It is encouraging that many people are joining this important conversation about how we as Christians can more faithfully follow Jesus. At the same time, it seems that the most frequent reaction to Rod Dreher’s ideas – a yowl of protest about “withdrawal” in favor of “engagement” – misses the main point he is making and is the reverse of my own experience about living out my faith.

So my first point is this: building a communal church along the lines Rod suggests allows Christians to engage more, and more meaningfully, with our fellow human beings. Assimilation to the ways of the world is as dangerous as Jesus warns us – Dreher is right in pointing to this. But the ­stronger the center, the more daring the outreach can be.

My own life is an illustration of this. For the past thirty years, my wife, Linda, and I have been members of the Bruderhof, a Christian communal church in the Anabaptist tradition that is almost one hundred years old, in which we share all things in common in the spirit of the first church in Jerusalem. I believe that we have been able to engage both more deeply and more broadly with society than if we had remained as a private family.

Linda and I are both farm kids from the Midwest who grew up in what would be called dysfunctional homes. Our families were nominally Christian: Lutheran in my case and Catholic in Linda’s. But faith in Jesus meant nothing to us – by our mid-twenties we were on the road to conventional middle-class life: we had a house, two kids, two cars, and two TVs. But we were unhappy. Something was missing.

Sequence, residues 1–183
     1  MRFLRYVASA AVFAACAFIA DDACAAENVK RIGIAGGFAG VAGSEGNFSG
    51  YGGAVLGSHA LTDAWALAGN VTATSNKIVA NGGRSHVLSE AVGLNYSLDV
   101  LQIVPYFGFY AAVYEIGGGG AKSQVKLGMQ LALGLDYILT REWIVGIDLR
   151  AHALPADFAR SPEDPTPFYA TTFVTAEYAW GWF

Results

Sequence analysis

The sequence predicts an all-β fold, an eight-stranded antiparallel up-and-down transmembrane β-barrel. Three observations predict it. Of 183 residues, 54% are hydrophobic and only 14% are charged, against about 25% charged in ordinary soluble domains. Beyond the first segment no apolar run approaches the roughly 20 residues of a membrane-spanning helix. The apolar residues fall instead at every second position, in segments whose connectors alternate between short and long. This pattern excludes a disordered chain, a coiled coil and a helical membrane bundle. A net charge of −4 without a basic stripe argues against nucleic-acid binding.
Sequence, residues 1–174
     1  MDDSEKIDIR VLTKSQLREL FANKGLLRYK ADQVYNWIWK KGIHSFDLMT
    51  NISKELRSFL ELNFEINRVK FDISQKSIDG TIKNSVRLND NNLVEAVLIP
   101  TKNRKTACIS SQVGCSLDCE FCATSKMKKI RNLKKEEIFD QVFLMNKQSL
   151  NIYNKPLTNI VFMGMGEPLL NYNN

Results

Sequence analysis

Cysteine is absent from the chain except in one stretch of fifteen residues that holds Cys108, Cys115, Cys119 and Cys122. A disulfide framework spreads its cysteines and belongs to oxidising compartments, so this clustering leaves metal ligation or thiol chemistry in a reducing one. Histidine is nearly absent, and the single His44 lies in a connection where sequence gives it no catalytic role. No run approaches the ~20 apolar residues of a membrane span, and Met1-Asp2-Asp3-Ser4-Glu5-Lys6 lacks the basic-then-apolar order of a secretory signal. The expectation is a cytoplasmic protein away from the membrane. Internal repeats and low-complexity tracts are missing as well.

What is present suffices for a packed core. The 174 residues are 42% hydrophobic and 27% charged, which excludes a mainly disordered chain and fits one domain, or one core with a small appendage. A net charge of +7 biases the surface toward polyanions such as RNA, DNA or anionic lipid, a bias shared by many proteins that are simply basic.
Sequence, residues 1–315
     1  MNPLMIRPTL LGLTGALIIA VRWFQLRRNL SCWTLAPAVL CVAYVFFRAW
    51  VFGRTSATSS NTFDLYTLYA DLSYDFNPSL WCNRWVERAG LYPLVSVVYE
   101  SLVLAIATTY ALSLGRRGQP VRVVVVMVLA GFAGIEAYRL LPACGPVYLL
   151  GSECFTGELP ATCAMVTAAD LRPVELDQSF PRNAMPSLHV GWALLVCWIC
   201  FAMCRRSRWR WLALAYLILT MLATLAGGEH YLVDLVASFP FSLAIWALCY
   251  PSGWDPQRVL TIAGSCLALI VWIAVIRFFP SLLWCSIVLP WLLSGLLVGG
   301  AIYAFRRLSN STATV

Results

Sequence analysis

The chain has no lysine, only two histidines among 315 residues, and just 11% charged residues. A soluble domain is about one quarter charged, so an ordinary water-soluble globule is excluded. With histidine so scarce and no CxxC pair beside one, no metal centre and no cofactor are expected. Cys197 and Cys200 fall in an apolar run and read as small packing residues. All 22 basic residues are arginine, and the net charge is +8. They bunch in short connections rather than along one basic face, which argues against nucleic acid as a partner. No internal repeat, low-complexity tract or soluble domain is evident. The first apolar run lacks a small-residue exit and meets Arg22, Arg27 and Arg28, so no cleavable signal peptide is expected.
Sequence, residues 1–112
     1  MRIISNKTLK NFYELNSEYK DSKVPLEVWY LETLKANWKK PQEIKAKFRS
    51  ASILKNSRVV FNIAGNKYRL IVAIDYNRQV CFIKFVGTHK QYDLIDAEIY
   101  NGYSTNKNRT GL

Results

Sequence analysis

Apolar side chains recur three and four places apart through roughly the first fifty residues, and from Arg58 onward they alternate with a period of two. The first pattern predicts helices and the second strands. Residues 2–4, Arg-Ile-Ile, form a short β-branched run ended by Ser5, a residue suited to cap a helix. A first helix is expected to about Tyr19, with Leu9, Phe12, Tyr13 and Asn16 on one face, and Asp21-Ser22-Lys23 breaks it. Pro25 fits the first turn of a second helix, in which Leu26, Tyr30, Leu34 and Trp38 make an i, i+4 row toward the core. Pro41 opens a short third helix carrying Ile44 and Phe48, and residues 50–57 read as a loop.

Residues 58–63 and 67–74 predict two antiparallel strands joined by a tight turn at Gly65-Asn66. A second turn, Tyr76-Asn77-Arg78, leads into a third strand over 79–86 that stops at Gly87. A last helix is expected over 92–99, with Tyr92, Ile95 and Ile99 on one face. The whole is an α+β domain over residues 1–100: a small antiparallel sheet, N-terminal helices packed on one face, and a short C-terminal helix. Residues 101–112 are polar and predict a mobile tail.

Through a Bible study we came to faith in Jesus. Later, as we read in the Book of Acts, we were struck by the witness of the early church. The realization that they shared everything, sold their possessions, and ate and worshipped together came as a shock to us. The Book of Acts tells that this was the result of a movement of repentance and the coming of the Holy Spirit. This excited us and drove us to seek a life of community. So we started living in community with a few other families. This lasted for about five challenging and exciting years as we continued searching.

The stronger the church’s center, the more daring its outreach can be.

Then we ran across the writings of Eberhard Arnold, the founder of the Bruderhof. His depth of understanding of living for Jesus and the kingdom answered many of our questions. In his book Why We Live in Community he writes: “Community life for us is an inescapable must.… We must live in community because we are compelled by the same Spirit that has led to community time and time again since the days of biblical prophecy and early Christianity.” Those words thrill me today as much as thirty years ago when I first read them. So we came to the Bruderhof in 1987.